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A tranquility found no other time

"A late summer garden has a tranquility found no other time of the year." -  William Longgood

There are lots of changes happening in the garden as the summer plants die down and autumn takes over. But the garden is still a place of tranquility, particularly on dryer days.

Volunteers have been watering when they can, and weeding and deadheading when they pop in. There seems to be a bit of a competition between them concerning how many weedsthey collect. With photos being sent as proof of how hard they have worked. Competition seems a good idea, if it keeps the garden tidy.

Some sunflowers were damaged in recent strong winds, so these have been cut down. The heads are being left around for birds to feed on. We have also been cutting back and pulling out many of the plants that have died down. But as we lose summer plants, our multi-coloured shrubs brighten the garden instead.

In the veg garden, the beans have been cut down. I’ve left the stumps of the beans in the soil as it is meant to add nutrients. The sweetcorn has finished, but I am leaving it in for a while. Then the birds can eat the kernels when their other food starts to get scarce.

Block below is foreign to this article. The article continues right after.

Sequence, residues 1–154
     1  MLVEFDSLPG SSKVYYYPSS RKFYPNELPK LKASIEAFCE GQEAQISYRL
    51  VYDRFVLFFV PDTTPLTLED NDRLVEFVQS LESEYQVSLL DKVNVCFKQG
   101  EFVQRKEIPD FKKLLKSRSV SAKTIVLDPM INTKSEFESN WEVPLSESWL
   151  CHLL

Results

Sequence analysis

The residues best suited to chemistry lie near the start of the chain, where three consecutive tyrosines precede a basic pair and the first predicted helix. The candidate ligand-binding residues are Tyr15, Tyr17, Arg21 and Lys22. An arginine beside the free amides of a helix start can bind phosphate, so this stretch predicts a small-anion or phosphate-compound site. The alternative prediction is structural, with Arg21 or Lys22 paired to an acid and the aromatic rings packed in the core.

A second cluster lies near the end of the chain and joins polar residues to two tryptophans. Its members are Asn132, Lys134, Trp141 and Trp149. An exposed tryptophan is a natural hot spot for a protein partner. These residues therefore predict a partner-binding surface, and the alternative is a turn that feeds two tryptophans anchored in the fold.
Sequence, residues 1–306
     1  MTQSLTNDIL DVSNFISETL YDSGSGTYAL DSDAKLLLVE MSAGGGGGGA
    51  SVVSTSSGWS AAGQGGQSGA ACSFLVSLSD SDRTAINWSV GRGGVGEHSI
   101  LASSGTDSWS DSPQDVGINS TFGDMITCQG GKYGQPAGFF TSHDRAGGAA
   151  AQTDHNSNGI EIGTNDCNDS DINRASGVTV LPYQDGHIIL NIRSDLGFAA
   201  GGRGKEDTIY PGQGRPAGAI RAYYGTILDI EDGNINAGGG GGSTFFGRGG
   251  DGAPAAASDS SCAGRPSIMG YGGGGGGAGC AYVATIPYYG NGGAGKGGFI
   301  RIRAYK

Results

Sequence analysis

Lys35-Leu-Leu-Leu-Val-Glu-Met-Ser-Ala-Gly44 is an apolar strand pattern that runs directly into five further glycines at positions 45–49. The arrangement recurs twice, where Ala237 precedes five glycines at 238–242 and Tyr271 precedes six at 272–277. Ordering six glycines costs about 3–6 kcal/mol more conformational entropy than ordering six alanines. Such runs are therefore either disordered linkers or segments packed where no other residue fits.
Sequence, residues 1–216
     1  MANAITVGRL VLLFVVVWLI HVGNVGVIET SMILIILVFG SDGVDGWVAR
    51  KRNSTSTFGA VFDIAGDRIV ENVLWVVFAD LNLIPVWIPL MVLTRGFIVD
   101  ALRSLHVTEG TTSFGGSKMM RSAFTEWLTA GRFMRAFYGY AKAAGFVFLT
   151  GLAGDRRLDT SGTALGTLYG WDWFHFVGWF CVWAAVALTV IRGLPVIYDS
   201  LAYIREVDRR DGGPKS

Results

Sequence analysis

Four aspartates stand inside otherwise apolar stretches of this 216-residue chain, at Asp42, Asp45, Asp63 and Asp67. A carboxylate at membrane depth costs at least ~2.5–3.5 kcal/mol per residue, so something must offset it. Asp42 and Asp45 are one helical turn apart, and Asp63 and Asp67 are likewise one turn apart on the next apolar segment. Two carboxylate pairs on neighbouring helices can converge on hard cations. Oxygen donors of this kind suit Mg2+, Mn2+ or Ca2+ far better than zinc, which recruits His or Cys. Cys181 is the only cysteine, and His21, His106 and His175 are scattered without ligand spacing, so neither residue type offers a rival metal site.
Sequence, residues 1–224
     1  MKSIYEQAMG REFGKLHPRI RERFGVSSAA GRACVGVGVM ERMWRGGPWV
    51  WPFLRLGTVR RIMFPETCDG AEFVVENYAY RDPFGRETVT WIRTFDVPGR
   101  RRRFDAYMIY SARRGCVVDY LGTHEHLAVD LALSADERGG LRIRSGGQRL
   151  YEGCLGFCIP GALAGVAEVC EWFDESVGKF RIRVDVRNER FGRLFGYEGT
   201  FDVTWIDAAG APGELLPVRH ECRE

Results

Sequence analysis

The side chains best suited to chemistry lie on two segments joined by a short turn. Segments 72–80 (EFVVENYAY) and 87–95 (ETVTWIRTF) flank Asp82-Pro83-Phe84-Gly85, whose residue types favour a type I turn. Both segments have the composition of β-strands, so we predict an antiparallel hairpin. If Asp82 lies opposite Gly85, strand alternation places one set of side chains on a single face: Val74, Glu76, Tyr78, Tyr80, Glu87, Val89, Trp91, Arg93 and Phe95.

There are still carrots and beetroot to be pulled. I hate waste, so have been using the carrot tops in my home-made soup. They are full of vitamins, so why not make the most of them.

We are keeping an eye on the 2 Incredible Edible beds we planted at Runcorn Railway Station. The staff there are looking after them.Most of the plants are doing well. The main problem is people sitting on them. The Station staff are trying to prevent this by watering the wood, when they water the plants. So that people get a soggy bottom when they sit down.

I’ve been asked about how my wormery is going at home. Well, I have a lot more worms than I started with and many are very fat and there are lots of young ones too. They’ve made one tray of compost so far. And I’ve just poured off a litre of the ‘soup’ they produce to use as plant food. The only problem I’ve had was taking the bottom tray of compost away. Although the worms are supposed to travel upwards as they finish eating the food in each tray, no one has told them this. And the bottom tray still had worms in it.  So I had to pick out the bigger worms. But some of the baby worms got left in and are happily wriggling round my garden now.

The Blooming Old Gardener

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